Preview

BRICS Law Journal

Advanced search

Legal Protection of Investors from the Corporate Malfeasance of Insider Dealings: A South African-Canadian Comparative Review

https://doi.org/10.21684/2412-2343-2022-9-1-136-167

Full Text:

Abstract

Ensuring market discipline, integrity, and transparency with the overall aim of protecting the investing public is critical to the wellness of a capital market and a financial system. However, one corporate ill besetting the securities markets in all jurisdictions is insider trading. Apart from being unethical, insider trading disrupts market dynamics. In South Africa, over the years, successive Acts have been enacted, amended, and repealed to ensure discipline and protect the integrity of the nation’s securities market. In 2012, the Financial Markets Act of 2012 (FMA) was enacted to improve, among others, the enforcement of insider trading regulation in South Africa. However, the regulation of insider trading and its enforcement in terms of the FMA have been insufficient. This article therefore seeks to benchmark the South African position against Canadian model with the objective of drawing lessons for South Africa. The choice of Canada was informed by the fact that Canada has a well-developed anti-insider trading regulatory framework and presents a case study of international best practices in the regulation of insider trading. Therefore, the conclusion in this article is that with creative and appropriate reforms of the FMA, using the Canadian model, the investing public will be adequately protected against insider trading, and investors’ confidence and the financial markets’ integrity and efficiency will be better enhanced.

About the Authors

M. Oluyeju
Herbert Smith Freehills South Africa LLP
South Africa

Maria Oluyeju – Legal Analyst

Rosebank Towers, Biermann Avenue, Sandton, Johannesburg, 2196



O. Oluyeju
University of Venda
South Africa

Olufemi Oluyeju – Senior Lecturer, Department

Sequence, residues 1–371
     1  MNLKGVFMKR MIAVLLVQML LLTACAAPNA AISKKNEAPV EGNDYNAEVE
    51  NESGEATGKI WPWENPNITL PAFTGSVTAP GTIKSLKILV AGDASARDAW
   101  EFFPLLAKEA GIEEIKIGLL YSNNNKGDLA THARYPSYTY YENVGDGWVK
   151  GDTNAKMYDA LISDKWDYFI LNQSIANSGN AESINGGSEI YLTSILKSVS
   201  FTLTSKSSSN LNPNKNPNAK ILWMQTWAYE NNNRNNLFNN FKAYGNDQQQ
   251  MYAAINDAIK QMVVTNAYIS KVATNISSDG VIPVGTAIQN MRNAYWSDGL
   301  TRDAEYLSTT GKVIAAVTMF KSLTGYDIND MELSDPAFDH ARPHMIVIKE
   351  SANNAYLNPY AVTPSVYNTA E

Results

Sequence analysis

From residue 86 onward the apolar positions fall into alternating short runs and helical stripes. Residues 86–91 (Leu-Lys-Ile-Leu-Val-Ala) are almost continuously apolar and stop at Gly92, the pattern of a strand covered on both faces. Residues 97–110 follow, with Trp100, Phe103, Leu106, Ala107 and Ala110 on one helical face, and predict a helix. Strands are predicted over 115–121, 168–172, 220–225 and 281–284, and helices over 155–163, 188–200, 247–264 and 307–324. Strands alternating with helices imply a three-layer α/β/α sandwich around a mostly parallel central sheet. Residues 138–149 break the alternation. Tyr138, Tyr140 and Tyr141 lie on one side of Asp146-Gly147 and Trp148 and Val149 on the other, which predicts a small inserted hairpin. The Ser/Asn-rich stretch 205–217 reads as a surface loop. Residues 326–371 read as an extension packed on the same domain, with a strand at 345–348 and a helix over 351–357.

of Public Law

Thohoyandou, Limpopo, 0950 



References

1. Botha D. Control of Insider Trading in SA: A Comparative Analysis, 3(1) S.A. Merc. L.J. 1 (1991).

2. Cassim F.H.I. et al. The Law of Business Structures (2012).

3. Cassim R. Some Aspects of Insider Trading – Has the Securities Services Act 36 of 2004 Gone too Far?, 19(1) S.A. Merc. L.J. 44 (2007).

4. Chitimira H. A Historical Overview of the Regulation of Market Abuse in South Africa, 17(3) Potchefstroom Electron. L.J. 936 (2014). https://doi.org/10.17159/1727-3781/2014/v17i3a2275

5. Dooley M.P. Enforcement of Insider Trading Restrictions, 66(1) Va. L. Rev. 1 (1980). https://doi.org/10.2307/1072503

6. Jooste R. A Critique of the Insider Trading Provisions of the 2004 Securities Services Act, 123(3) S.A. L.J. 437 (2006).

7. Luiz S. & Van der Linde K. The Financial Markets Act 19 of 2012: Some Comments on the Regulation of Market Abuse, 35(4) S.A. Merc. L.J. 458 (2013).

8. Luiz S. Insider Trading: A Transplant to Cure a Chronic Illness?, 2(1) S.A. Merc. L.J. 59 (1990).

9. Luiz S. Prohibition Against Trading on Inside Information – The Saga Continues, 2(3) S.A. Merc. L.J. 328 (1990).

10. Osode P. The New South African Insider Trading Act: Sound Law Reform or Legislative Overkill?, 44(2) J. Afr. L. 239 (2002). https://doi.org/10.1017/s0021855300012237

11. Schotland R.A. Unsafe at Any Price: A Reply to Manne, Insider Trading and the Stock Market, 53(7) Va. L. Rev. 1425 (1967). https://doi.org/10.2307/1071845


Review

For citations:


Oluyeju M., Oluyeju O. Legal Protection of Investors from the Corporate Malfeasance of Insider Dealings: A South African-Canadian Comparative Review. BRICS Law Journal. 2022;9(1):136-167. https://doi.org/10.21684/2412-2343-2022-9-1-136-167

Views: 406


Creative Commons License
This work is licensed under a Creative Commons Attribution 4.0 License.


ISSN 2409-9058 (Print)
ISSN 2412-2343 (Online)
X